# 6.4.1 Algorithm

Second-order Møller-Plesset theory665 (MP2) is probably the simplest useful wave function-based electron correlation method. Revived in the mid-1970s, it remains highly popular today, because it offers systematic improvement in optimized geometries and other molecular properties relative to Hartree-Fock (HF) theory.363 Indeed, in a recent comparative study of small closed-shell molecules,364 MP2 outperformed much more expensive singles and doubles coupled-cluster theory for such properties! Relative to state-of-the-art Kohn-Sham density functional theory (DFT) methods, which are the most economical methods to account for electron correlation effects, MP2 has the advantage of properly incorporating long-range dispersion forces. The principal weaknesses of MP2 theory are for open shell systems, and other cases where the HF determinant is a poor starting point.

Q-Chem contains an efficient conventional semi-direct method to evaluate the MP2 energy and gradient.361 These methods require $OVN$ memory ($O$, $V$, $N$ are the numbers of occupied, virtual and total orbitals, respectively), and disk space which is bounded from above by $OVN^{2}/2$. The latter can be reduced to $IVN^{2}/2$ by treating the occupied orbitals in batches of size $I$, and re-evaluating the two-electron integrals $O/I$ times. This approach is tractable on modern workstations for energy and gradient calculations of at least 500 basis functions or so, or molecules of between 15 and 30 first row atoms, depending on the basis set size. The computational cost increases between the 3rd and 5th power of the size of the molecule, depending on which part of the calculation is time-dominant.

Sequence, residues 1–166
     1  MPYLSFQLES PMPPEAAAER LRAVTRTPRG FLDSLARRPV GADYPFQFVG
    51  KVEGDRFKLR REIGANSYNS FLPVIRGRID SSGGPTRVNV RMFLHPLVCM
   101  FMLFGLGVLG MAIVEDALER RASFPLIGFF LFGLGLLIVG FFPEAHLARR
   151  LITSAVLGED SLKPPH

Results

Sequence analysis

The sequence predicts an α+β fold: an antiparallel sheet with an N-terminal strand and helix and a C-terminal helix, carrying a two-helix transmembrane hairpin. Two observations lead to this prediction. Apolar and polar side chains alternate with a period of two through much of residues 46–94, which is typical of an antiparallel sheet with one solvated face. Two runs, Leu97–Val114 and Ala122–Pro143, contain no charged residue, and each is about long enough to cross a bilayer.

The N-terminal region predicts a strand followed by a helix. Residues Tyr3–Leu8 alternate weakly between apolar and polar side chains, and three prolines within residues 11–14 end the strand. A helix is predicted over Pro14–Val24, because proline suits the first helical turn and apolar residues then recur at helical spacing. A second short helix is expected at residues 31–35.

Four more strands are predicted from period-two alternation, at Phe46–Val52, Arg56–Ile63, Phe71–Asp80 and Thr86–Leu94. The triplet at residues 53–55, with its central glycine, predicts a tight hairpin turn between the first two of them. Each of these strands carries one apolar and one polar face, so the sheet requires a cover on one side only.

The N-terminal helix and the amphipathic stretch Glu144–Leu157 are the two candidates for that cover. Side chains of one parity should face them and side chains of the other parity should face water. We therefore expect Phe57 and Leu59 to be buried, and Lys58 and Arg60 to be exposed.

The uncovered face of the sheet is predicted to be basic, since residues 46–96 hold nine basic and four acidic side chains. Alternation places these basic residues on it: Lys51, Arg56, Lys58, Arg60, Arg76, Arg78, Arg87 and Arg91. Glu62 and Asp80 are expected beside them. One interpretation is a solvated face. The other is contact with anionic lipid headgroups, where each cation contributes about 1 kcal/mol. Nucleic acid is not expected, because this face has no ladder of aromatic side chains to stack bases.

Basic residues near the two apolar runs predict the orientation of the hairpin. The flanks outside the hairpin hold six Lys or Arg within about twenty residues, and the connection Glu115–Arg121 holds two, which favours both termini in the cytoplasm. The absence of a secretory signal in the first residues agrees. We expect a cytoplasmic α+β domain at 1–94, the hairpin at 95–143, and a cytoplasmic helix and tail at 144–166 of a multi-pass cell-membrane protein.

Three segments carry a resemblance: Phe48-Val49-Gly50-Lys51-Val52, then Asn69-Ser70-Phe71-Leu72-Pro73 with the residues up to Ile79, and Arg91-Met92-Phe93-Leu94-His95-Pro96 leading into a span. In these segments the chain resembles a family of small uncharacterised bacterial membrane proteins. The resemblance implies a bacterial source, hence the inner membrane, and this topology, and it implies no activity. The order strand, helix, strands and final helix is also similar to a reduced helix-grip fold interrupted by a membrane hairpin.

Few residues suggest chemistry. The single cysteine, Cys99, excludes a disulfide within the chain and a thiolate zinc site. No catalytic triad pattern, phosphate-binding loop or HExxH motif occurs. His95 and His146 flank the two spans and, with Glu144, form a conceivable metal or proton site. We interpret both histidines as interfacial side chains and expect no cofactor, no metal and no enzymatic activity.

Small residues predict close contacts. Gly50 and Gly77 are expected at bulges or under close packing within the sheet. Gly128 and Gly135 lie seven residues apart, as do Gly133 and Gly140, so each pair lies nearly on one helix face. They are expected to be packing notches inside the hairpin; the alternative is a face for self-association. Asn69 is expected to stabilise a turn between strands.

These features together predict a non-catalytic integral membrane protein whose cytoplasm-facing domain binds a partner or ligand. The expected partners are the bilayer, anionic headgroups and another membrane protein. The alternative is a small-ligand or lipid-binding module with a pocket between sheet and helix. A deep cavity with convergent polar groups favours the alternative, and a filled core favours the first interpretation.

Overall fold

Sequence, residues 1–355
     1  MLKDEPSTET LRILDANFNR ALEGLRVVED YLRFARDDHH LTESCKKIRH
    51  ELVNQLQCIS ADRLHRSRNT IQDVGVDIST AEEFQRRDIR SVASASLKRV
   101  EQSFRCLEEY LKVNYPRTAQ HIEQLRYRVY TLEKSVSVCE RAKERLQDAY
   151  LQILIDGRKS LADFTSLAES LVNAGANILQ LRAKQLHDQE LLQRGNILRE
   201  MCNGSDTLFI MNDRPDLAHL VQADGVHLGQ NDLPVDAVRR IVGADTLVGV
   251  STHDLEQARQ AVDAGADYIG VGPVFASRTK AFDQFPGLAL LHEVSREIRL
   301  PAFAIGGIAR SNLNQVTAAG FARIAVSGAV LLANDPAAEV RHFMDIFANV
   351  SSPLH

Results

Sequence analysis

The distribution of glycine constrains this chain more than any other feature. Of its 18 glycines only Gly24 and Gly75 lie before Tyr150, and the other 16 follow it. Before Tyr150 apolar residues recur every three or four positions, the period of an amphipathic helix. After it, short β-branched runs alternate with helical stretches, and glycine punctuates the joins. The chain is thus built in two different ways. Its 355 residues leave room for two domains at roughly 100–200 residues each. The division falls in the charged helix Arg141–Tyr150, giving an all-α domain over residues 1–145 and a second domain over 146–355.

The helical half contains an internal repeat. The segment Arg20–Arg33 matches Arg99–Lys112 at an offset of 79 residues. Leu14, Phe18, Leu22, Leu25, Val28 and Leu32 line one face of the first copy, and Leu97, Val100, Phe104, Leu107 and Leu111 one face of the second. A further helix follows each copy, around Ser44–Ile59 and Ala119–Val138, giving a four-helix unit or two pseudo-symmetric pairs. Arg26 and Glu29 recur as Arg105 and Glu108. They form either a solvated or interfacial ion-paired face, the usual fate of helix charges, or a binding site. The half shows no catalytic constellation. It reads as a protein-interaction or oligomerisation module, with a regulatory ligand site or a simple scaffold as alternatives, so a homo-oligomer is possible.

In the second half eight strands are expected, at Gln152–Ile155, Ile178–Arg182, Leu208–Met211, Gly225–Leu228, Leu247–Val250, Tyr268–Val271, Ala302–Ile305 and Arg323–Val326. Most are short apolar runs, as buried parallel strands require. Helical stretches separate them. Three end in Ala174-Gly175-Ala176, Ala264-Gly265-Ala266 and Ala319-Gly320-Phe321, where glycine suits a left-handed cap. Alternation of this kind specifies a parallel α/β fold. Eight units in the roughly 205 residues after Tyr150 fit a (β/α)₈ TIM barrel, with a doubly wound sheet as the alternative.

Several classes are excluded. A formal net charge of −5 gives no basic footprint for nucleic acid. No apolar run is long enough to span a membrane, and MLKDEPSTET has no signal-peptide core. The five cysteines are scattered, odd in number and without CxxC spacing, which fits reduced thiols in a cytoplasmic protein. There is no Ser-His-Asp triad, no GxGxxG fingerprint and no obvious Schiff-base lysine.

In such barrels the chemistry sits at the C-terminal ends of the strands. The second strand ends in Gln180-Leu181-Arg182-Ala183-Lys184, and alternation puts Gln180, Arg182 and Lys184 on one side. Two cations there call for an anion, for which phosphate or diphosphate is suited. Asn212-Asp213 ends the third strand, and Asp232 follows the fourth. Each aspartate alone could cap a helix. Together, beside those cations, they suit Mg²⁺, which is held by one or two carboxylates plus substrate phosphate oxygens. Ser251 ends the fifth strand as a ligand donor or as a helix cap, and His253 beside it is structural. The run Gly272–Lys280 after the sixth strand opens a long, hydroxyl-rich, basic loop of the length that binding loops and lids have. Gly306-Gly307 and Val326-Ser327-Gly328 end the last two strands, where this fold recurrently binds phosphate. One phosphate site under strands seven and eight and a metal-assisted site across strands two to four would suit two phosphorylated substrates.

The algorithm and implementation in Q-Chem is improved over earlier methods,358, 268 particularly in the following areas:

• Uses pure functions, as opposed to Cartesians, for all fifth-order steps. This leads to large computational savings for basis sets containing pure functions.

• Customized loop unrolling for improved efficiency.

• The sort-less semi-direct method avoids a read and write operation resulting in a large I/O savings.

• Reduction in disk and memory usage.

• No extra integral evaluation for gradient calculations.

• Full exploitation of frozen core approximation.

The implementation offers the user the following alternatives:

• Direct algorithm (energies only).

• Disk-based sort-less semi-direct algorithm (energies and gradients).

• Local occupied orbital method (energies only).

The semi-direct algorithm is the only choice for gradient calculations. It is also normally the most efficient choice for energy calculations. There are two classes of exceptions:

• If the amount of disk space available is not significantly larger than the amount of memory available, then the direct algorithm is preferred.

• If the calculation involves a very large basis set, then the local orbital method may be faster, because it performs the transformation in a different order. It does not have the large memory requirement (no $OVN$ array needed), and always evaluates the integrals four times.

There are three important options that should be wisely chosen by the user in order to exploit the full efficiency of Q-Chem’s direct and semi-direct MP2 methods (as discussed above, the LOCAL_OCCUPIED method has different requirements).

• MEM_STATIC: The value specified for this \$rem variable must be sufficient to permit efficient integral evaluation (10-80MB) and to hold a large temporary array whose size is $OVN$, the product of the number of occupied, virtual and total numbers of orbitals.

• N_FROZEN_CORE: The computational requirements for MP2 are proportional to the number of occupied orbitals for some steps, and the square of that number for other steps. Therefore the CPU time can be significantly reduced if your job employs the frozen core approximation. Additionally the memory and disk requirements are reduced when the frozen core approximation is employed.